‘[A] review of this court's third party beneficiary decisions reveals that our court has carefully examined the express provisions of the contract at issue, as well as all of the relevant circumstances under which the contract was agreed to, in order to determine not only (1) whether the third party would in fact benefit from the contract, but also (2) whether a motivating purpose of the contracting parties was to provide a benefit to the third party, and (3) whether permitting a third party to bring its own breach of contract action against a contracting party is consistent with the objectives of the contract and the reasonable expectations of the contracting parties. All three elements must be satisfied to permit the third party action to go forward.”
Goonewardene v. ADP, LLC (2019) 6 Cal.5th 817, 829-830.  

Defendant does not attempt to establish any of these elements, other than a vague argument that the language of the Sale Contract included relationships with third parties who do not sign the contract, and that plaintiff’s purchase of the vehicle, memorialized by the Sale Contract, resulted in a warranty relationship with Ford.  

Plaintiff in opposition argues that defendant Ford as manufacturer fails to establish these elements.  Plaintiff argues that the Sale Contract Arbitration Provision expressly encompasses only claims between “you,” defined as “the Buyer (and Co-buyer, if any)” and “we” or “us,” defined as the “Seller-Creditor,” or Sunrise Ford, the dealership from which plaintiff purchased the vehicle and obtained financing.  [See Ex. B, first page, final page].  Plaintiff argues that by limiting the parties who could enforce the arbitration clause to plaintiff and Sunrise Ford, the arbitration provision demonstrates an intent not to benefit defendant, or anyone else falling outside the Sale Contract’s definitions of “you” and “we.”  

Overall, it does not appear that permitting defendant manufacturer to enforce the clause would be consistent with the objectives of the contract, and not violate the reasonable expectations of the contracting parties.  The objective of the Sale Contract here was to finance plaintiff’s vehicle purchase, and the objective of the arbitration clause specifically was to enable, “you” and “us,” plaintiff and Sunrise Ford, to choose to arbitrate disputes.   Allowing defendant Ford to take advantage of the arbitration provision would not effectuate either of these objectives.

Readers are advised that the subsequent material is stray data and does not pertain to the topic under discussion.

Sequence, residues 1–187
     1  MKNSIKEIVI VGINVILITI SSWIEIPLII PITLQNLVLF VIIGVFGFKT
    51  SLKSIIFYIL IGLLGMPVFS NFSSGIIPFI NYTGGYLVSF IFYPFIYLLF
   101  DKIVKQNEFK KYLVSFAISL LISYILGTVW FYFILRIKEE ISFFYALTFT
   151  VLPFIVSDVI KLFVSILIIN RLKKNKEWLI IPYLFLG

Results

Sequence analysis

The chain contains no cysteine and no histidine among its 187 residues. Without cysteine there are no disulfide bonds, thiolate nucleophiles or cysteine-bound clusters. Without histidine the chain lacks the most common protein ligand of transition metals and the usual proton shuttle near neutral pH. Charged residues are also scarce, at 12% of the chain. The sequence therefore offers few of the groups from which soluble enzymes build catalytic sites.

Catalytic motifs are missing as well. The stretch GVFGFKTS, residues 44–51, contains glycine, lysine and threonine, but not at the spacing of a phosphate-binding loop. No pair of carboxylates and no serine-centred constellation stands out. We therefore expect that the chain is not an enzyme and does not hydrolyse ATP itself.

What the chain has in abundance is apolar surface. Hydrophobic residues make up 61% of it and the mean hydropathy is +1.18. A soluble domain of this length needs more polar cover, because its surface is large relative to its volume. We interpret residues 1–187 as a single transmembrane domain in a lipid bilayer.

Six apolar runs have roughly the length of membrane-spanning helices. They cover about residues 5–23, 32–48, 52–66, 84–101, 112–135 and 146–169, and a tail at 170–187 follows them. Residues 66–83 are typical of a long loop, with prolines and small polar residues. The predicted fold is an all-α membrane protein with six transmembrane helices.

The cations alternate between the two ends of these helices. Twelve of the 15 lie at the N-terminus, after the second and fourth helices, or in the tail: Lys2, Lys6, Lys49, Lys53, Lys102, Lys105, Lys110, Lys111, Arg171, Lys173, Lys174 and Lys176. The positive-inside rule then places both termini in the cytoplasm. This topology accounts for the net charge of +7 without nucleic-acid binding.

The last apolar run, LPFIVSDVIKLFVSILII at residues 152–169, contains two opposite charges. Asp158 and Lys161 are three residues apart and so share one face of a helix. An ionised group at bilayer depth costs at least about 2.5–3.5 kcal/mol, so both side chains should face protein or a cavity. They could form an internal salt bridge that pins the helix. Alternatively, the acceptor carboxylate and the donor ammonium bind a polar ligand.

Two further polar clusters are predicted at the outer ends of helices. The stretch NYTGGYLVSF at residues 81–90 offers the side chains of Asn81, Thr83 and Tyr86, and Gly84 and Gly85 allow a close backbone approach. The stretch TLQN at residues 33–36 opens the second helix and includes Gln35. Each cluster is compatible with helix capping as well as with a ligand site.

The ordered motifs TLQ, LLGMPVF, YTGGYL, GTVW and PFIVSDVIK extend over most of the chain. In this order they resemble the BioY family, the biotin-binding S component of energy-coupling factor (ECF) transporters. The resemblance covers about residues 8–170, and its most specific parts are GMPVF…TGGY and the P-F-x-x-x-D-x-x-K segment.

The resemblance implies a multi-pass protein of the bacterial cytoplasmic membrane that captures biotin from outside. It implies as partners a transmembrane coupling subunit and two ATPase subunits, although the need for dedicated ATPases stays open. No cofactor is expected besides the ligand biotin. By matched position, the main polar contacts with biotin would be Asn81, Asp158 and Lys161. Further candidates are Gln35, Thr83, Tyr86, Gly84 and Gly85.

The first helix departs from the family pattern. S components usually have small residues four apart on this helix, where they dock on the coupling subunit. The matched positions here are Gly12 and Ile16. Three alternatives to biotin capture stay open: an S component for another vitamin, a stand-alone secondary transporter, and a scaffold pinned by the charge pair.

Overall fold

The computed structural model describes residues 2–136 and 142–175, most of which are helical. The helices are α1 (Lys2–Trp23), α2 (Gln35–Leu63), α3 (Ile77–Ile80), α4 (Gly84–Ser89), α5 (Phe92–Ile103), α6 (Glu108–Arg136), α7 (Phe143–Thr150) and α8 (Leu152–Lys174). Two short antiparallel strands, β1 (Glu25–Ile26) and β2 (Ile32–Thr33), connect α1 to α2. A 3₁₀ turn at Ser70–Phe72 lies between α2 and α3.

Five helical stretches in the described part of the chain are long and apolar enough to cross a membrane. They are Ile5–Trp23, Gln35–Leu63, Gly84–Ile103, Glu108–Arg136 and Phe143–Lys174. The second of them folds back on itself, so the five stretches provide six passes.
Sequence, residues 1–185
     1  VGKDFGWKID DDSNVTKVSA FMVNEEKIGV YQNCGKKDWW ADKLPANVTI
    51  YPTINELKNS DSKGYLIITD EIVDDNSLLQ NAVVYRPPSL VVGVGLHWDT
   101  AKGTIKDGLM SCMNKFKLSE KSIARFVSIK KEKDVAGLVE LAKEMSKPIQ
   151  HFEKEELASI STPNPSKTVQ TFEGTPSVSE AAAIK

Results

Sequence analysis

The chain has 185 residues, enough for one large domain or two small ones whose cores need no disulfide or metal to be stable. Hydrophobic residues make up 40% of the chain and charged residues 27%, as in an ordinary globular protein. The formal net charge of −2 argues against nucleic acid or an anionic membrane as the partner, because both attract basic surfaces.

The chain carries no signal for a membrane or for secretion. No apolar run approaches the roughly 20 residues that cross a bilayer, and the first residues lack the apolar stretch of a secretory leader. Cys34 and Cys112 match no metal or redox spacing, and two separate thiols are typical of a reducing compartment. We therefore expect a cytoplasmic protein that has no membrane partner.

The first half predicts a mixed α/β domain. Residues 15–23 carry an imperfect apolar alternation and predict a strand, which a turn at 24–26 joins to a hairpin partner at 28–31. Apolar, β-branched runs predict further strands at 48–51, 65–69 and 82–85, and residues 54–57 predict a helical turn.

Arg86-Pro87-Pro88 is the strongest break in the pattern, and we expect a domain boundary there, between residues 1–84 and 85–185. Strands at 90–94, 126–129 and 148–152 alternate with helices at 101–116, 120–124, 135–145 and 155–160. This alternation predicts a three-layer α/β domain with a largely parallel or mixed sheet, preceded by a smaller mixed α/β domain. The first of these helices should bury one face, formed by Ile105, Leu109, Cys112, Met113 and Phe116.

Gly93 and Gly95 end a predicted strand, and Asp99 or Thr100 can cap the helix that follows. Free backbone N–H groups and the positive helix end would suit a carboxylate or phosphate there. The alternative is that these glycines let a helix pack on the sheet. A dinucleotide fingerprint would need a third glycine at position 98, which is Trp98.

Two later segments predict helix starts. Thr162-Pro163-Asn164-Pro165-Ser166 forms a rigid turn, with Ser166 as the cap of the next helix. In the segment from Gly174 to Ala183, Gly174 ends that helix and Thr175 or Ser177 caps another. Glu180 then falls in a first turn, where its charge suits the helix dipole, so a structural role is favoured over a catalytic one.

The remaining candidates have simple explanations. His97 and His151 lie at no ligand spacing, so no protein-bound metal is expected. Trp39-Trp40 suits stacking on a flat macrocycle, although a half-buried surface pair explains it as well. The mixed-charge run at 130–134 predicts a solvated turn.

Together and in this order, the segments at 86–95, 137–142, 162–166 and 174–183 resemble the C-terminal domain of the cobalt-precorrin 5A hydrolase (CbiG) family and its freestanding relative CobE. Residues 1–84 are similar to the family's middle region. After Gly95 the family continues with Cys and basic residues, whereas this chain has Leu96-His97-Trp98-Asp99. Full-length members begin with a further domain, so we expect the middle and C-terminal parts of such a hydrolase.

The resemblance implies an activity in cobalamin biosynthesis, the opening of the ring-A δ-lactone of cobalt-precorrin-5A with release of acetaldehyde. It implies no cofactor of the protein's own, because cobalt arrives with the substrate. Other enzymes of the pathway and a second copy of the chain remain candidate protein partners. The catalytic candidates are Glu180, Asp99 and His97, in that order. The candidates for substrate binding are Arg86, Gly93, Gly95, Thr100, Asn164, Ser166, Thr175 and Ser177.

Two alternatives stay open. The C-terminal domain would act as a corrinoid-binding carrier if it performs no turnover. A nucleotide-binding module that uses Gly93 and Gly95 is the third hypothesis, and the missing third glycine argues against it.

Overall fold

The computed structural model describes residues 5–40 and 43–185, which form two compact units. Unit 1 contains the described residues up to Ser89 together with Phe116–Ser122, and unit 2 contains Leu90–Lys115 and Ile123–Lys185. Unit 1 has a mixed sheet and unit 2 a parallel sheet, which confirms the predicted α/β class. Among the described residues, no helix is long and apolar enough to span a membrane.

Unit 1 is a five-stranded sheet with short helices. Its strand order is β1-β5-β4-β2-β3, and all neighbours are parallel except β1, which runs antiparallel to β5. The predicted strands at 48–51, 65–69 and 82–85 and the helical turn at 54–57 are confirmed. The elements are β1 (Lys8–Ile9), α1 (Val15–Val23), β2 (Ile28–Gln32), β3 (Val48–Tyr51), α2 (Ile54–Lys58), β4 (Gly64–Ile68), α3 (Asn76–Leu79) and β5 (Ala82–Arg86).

In sum, the purchase of the vehicle from an entirely separate party, when the contractual language expressly limits those who can choose to arbitrate to the seller and the buyer, does not satisfy the elements required to invoke third party beneficiary status.  

Plaintiff again cites to Ngo v. BMW of North America, LLC (USDC., 9th Cir. 2022) 23 F.4th 942, discussed above, in which the Ninth Circuit reversed the district court’s granting of a manufacturer’s motion to compel arbitration based on an arbitration provision very similar to the form contract provision at issue here.  With respect to the argument that the manufacturer in that case was an intended third-party beneficiary, the Ninth Circuit found that defendant manufacturer had failed to establish any of the required elements to demonstrate it was a third-party beneficiary.